Giving Birth to My Child Gave Me Sheehan Syndrome

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When becoming a mother gives you Sheehan Syndrome: My Story! 

I always wanted to be a mother, In fact, it’s one thing I dreamed of for many years. If I could I would have more children, John and I would love to adopt. Motherhood to me is the greatest role I could ever have. However for me becoming a mother came at a price and that price was Sheehan Syndrome – damage to the pituitary part of the brain! 

A Long Labour

I had 3-day labour. I’ve never talked about birth before. Just thinking about it gives me a sickening feeling inside. I guess I’m still not over it 9 years later. Thinking about labour gives me some level of PTSD for sure and so I do avoid it whenever I can.

Sheehan Syndrome

However, my experience was one of joy, pain and long term brain damage. So what happened? Well, during pregnancy I had a few serious issues and eventually, after a long labour, I developed Sheehan Syndrome, alongside other conditions. Here is the story of what happened.

A Car Crash Whilst Pregnant

The first being a car crash, Whilst driving we were in a car crash. Someone backed into us. He did not have any wing mirrors and his car was illegal. I ended up bleeding and was taken to the hospital.

I was lucky my baby survived the crash. I stayed in the hospital for a while until I was well enough to return home. However, I was constantly unwell.

Bed Rest During Pregnancy

I developed gestational diabetes and later Cholostasis in pregnancy. I had itchy skin, my liver levels were out of wack and all I remember is the Doctor at the hospital saying, “there is a chance of stillbirth”. It freaked me out and caused a great deal of anxiety. I also had to have a lot of bed rest during pregnancy due to all the complications. 

Whilst being on bed rest in the hospital I stayed in a ward with other pregnant Mothers who were also too unwell to be at home. Every few hours Nurses would come and check my blood pressure and monitor my babies heartbeat.

There were quite a few mums to be stuck on the ward and we had craft sessions where we knitted little booties for our babies.

There were also mums on the ward who had lost their babies. It was something you kind of knew was happening and it made me feel sad and guilty.

I was sad for the mothers who were stricken with heartache and felt guilty that my baby was still alive. I didn’t want to talk about the pregnancy or talk about how excited I was out of fear of upsetting some very grief-stricken women.

Yet at the same time, I was excited and I was also nervous and scared that I may have the same fate. I managed to keep my baby inside for most of the pregnancy and then at 36 weeks I was induced. Sylvia could no longer stay inside and they felt she needed to come out.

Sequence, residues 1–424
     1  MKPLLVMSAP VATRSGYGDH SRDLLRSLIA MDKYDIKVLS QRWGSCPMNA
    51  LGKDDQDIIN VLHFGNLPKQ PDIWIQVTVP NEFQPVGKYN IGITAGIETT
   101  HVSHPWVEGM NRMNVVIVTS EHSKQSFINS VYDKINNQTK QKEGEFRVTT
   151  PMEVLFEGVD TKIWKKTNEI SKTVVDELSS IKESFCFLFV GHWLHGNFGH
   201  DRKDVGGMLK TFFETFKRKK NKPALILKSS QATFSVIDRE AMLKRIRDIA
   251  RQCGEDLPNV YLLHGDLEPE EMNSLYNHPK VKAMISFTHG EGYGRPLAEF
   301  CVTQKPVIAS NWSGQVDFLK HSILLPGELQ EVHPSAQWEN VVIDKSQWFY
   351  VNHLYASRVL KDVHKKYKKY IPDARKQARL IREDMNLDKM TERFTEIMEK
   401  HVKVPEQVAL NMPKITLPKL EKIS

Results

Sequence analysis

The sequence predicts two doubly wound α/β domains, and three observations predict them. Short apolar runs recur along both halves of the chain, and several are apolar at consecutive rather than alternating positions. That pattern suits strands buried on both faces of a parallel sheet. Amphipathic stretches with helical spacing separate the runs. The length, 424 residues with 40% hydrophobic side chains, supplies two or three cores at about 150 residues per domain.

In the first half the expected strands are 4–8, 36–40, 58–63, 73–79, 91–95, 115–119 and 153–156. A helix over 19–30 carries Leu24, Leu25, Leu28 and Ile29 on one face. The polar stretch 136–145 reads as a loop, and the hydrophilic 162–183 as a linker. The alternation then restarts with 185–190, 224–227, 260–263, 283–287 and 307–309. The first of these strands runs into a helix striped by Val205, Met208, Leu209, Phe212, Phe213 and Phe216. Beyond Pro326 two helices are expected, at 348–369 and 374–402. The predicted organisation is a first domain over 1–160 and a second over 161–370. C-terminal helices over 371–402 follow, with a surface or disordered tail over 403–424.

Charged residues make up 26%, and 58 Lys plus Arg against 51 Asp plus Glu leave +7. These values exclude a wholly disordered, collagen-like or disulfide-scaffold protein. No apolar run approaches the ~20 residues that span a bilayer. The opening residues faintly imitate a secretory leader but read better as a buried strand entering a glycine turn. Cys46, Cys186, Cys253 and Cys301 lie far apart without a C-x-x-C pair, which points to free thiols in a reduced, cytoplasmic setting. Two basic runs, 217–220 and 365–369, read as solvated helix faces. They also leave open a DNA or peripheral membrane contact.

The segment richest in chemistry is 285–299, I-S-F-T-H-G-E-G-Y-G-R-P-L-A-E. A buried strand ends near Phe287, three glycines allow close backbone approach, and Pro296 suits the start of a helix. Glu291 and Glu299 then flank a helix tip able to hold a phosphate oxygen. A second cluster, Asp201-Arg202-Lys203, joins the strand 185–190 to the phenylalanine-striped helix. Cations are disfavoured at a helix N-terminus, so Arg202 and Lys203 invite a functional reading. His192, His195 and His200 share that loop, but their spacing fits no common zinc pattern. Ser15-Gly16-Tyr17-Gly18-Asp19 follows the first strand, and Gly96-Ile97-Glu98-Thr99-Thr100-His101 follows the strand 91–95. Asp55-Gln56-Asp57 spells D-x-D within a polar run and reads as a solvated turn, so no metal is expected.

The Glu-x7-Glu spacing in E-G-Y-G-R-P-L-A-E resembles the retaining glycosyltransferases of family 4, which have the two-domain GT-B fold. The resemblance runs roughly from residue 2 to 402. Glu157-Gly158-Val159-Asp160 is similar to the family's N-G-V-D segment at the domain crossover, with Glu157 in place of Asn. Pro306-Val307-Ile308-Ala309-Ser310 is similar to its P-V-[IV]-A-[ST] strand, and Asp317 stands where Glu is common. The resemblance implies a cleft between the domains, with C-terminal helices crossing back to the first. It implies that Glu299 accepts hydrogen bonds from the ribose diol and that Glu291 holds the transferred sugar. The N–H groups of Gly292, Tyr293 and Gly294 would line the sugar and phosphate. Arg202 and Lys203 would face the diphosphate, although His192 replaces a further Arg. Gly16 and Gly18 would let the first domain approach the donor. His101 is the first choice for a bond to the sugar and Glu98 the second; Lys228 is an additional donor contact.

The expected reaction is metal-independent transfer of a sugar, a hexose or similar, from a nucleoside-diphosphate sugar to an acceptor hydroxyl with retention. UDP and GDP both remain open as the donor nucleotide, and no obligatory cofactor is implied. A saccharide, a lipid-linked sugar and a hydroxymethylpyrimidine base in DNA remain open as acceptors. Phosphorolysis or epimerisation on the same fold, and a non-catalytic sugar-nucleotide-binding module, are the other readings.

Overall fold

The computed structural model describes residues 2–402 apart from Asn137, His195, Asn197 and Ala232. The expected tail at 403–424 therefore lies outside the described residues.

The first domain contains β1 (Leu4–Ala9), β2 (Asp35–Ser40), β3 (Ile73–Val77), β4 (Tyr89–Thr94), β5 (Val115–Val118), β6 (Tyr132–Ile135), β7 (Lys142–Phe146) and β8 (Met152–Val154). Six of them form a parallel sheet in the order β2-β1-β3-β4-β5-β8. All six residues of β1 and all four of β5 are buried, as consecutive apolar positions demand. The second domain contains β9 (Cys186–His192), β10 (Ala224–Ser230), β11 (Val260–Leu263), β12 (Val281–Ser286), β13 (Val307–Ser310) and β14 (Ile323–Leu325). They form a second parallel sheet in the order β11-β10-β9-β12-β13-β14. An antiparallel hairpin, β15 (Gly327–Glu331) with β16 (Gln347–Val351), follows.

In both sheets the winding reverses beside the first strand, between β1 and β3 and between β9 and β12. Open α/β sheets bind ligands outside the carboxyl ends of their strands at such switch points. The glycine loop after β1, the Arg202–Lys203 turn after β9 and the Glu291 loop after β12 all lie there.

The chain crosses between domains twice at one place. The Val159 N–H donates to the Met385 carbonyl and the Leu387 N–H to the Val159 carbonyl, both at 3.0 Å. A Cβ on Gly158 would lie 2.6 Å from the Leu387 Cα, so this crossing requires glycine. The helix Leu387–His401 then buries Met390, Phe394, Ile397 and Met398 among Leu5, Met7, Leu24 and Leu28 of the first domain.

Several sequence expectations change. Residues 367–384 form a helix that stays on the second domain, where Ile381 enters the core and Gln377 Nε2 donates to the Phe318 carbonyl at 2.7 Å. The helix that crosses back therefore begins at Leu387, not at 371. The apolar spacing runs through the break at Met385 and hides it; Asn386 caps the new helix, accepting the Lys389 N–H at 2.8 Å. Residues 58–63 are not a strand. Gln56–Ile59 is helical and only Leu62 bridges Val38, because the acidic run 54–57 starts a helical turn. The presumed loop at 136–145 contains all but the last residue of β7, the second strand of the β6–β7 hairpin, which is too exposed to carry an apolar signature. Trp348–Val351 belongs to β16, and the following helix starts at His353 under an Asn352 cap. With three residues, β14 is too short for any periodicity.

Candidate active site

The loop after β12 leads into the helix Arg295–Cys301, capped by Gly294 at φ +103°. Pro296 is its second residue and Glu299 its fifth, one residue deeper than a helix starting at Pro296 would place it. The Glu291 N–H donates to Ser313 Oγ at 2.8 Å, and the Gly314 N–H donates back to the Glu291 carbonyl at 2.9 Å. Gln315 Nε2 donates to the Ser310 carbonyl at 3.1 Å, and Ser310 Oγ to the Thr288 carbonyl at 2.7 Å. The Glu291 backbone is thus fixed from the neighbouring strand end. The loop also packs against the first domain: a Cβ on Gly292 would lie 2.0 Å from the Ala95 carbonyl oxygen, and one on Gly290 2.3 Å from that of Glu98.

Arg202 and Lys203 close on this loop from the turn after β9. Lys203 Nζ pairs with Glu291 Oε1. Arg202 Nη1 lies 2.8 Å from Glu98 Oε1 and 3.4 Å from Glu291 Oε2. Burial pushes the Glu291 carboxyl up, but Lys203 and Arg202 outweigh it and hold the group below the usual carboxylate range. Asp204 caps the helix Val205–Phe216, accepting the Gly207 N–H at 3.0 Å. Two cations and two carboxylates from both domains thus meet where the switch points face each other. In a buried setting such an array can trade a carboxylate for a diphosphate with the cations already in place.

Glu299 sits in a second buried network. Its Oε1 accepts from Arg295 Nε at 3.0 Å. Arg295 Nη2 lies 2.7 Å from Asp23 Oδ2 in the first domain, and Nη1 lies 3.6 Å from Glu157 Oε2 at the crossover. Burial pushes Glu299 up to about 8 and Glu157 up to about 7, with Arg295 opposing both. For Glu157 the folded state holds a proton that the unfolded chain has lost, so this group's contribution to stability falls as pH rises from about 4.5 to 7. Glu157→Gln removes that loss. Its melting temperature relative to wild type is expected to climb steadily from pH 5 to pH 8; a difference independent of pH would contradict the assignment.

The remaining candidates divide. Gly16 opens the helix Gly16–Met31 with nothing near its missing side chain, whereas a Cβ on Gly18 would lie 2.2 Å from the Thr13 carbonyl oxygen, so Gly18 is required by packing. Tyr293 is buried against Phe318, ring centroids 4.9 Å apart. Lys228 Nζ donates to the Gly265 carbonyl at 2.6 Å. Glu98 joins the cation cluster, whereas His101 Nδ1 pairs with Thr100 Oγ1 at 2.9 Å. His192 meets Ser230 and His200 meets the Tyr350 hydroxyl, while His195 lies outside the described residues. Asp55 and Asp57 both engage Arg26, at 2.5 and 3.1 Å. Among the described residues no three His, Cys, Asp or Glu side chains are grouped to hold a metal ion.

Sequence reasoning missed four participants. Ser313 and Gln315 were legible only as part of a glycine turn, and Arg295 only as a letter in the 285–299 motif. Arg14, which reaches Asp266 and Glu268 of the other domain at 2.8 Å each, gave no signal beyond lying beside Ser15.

Getting Induced

Getting induced was for me a horrible experience. Within an hour of having medication, I was in severe pain. It was a pain I had never felt before, (obviously) and it lasted 3 days.

I remember crying on the first night and begging for pain relief. I was given an injection but it really didn’t do much to help. I was given gas and air and after 48 hours I was finally given an epidural.

At the time I had no idea what was going on but I now realise the epidural didn’t work because I was in so much pain and apparently I shouldn’t have been able to feel it but I certainly did.

I became unwell during labour. I had three drips including one in my foot. I became severely dehydrated and kept vomiting from the pain.

On day three the Doctor came to see me and said they would prepare me for a C-section. However, 5 minutes later the plans changed. I was suddenly ready to push my baby out and my beautiful Sylvia was born at 2 am in the morning.

Once Sylvia was born I had cuddles. She was then taken and dressed and I was told to go get in the shower. I did as I was told. I didn’t know any better.

What Is the Cause of Sheehan Syndrome?

The midwife sent my husband with me and I stood up and walked to the shower. Now if my epidural had worked I don’t think I would have been able to walk into the shower. I really don’t know.

While in the shower I suddenly lost a lot of blood. I freaked out and my husband at the time went and told the midwife that I had lots of blood coming out. The Midwife told my husband it was normal, but she never came to look. She was tired after such a long labour.

I became really unwell and was physically sick for many weeks after my daughter’s birth. I did not know that losing the blood after having Sylvia had caused any damage but it did.

It caused something called Sheehan Syndrome. One of the initial symptoms of Sheehan syndrome is being unable to make breast milk. I couldn’t feed my baby and despite desperately trying I ended up exhausted and back in hospital as I had no milk to give.

What Is Sheehan Syndrome?

Sheehan’s happens when the brain is deprived of oxygen resulting in damage to the pituitary gland. My pituitary was damaged and started to fail.

For the first few months and years of my child’s life I repeatedly went to the Doctors telling them about my symptoms, the pain I was in, the fatigue. the exhaustion.